The aromatic profile of apples constitutes important information for the characterization and description of local products. Apple flavor is determined by perception in mouth and aroma; while the first is mainly defined by sugars and organic acids, aroma is a complex mixture of many volatile organic compounds (VOCs) whose composition is often specific to the variety. Headspace-solid phase microextraction gas chromatography coupled with mass spectrometry (HS-SPME-GC-MS) allows for the detection of detailed information of volatile constituents. In this study, eleven apple varieties (Braeburn, Fuji, Gala, Golden Delicious, Coop 39-Crimson Crisp®, Dalinette-Choupette®, Fujion, CIV323-Isaaq®, Coop43-Juliet®, SQ159-Natyra®, UEB32642-Opal®) grown in two pedoclimatic locations at different altitudes in South Tyrol (Italy) (ca. 225 m and ca. 650 m a.s.l.) were investigated. Thirty-eight VOCs were identified and combined with sensory analysis results (from 11 trained panelist) to characterize the aroma of new and standard apple varieties with a special focus on pedoclimatic location differences. The study shows strong diversification of the varieties based on their VOC profiles and sensory attributes, as expected. Moreover, investigating how the pedoclimatic location at different altitudes can influence the apple aroma profile, we identified twelve VOCs involved in these differences and provided a deeper investigation on how different altitudes can influence the apple aroma composition and perceptions combining the analytical and sensory parameters. Full article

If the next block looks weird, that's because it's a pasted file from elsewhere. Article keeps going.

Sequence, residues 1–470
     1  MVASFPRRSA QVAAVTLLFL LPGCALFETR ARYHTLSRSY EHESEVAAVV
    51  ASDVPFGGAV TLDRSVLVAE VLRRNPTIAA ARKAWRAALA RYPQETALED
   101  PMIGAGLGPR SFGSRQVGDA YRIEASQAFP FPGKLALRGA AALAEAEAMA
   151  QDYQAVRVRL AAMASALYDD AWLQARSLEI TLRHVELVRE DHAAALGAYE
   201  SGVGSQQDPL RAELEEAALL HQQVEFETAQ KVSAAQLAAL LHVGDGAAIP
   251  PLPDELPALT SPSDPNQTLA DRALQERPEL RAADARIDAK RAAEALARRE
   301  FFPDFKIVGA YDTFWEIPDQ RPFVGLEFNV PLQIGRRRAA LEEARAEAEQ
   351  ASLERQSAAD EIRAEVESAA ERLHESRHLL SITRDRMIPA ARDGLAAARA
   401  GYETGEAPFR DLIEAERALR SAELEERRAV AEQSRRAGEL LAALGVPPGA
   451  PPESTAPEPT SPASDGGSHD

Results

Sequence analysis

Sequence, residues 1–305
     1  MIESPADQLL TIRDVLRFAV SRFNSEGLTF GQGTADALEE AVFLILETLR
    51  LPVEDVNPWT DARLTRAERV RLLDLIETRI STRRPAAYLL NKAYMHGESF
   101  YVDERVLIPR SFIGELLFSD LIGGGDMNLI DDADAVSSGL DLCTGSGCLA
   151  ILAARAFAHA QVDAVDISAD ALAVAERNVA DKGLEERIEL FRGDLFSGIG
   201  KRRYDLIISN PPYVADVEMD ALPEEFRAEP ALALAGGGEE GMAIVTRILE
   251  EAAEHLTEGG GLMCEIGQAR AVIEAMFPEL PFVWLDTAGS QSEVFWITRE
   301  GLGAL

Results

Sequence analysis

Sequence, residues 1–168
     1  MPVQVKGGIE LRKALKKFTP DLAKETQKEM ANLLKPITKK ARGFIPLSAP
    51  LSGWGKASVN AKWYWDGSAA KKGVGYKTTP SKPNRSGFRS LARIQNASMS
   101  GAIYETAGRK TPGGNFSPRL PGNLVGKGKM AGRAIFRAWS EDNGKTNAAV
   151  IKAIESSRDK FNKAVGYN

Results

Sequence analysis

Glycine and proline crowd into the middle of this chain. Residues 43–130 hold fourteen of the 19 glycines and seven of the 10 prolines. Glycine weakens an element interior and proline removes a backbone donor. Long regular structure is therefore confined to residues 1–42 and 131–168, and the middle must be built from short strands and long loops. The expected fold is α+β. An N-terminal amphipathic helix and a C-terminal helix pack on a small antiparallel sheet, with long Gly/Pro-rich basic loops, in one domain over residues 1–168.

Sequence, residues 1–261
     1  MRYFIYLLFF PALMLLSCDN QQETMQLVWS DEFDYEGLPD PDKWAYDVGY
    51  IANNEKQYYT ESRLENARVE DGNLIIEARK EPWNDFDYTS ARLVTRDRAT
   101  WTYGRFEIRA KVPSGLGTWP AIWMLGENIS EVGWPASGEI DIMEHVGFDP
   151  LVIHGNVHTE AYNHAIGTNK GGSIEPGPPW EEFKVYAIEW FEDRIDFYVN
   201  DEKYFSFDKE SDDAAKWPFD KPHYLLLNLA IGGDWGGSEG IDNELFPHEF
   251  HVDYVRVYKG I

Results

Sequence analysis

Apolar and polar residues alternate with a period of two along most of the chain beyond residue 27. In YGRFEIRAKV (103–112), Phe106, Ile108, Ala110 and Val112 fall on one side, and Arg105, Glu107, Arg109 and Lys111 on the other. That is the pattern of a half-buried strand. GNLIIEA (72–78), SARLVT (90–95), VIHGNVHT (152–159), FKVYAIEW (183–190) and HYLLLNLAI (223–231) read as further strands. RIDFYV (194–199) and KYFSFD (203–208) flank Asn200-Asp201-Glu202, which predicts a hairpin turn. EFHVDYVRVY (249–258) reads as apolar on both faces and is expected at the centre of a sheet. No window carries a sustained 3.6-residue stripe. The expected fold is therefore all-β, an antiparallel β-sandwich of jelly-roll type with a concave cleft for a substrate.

(This article belongs to the Special Issue Volatile Compounds and Smell Chemicals (Odor and Aroma) of Food)
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Article
Effect of Different Clarification Treatments on the Volatile Composition and Aromatic Attributes of ‘Italian Riesling’ Icewine
Molecules 2020, 25(11), 2657; https://doi.org/10.3390/molecules25112657 - 08 Jun 2020
Cited by 2 | Viewed by 902
Abstract
The aim of this study was to evaluate the influence of clarification treatments on volatile composition and aromatic attributes of wine samples. ‘Italian Riesling’ icewines from the Hexi Corridor Region of China were clarified by fining agents (bentonite (BT) and soybean protein (SP)), [...] Read more.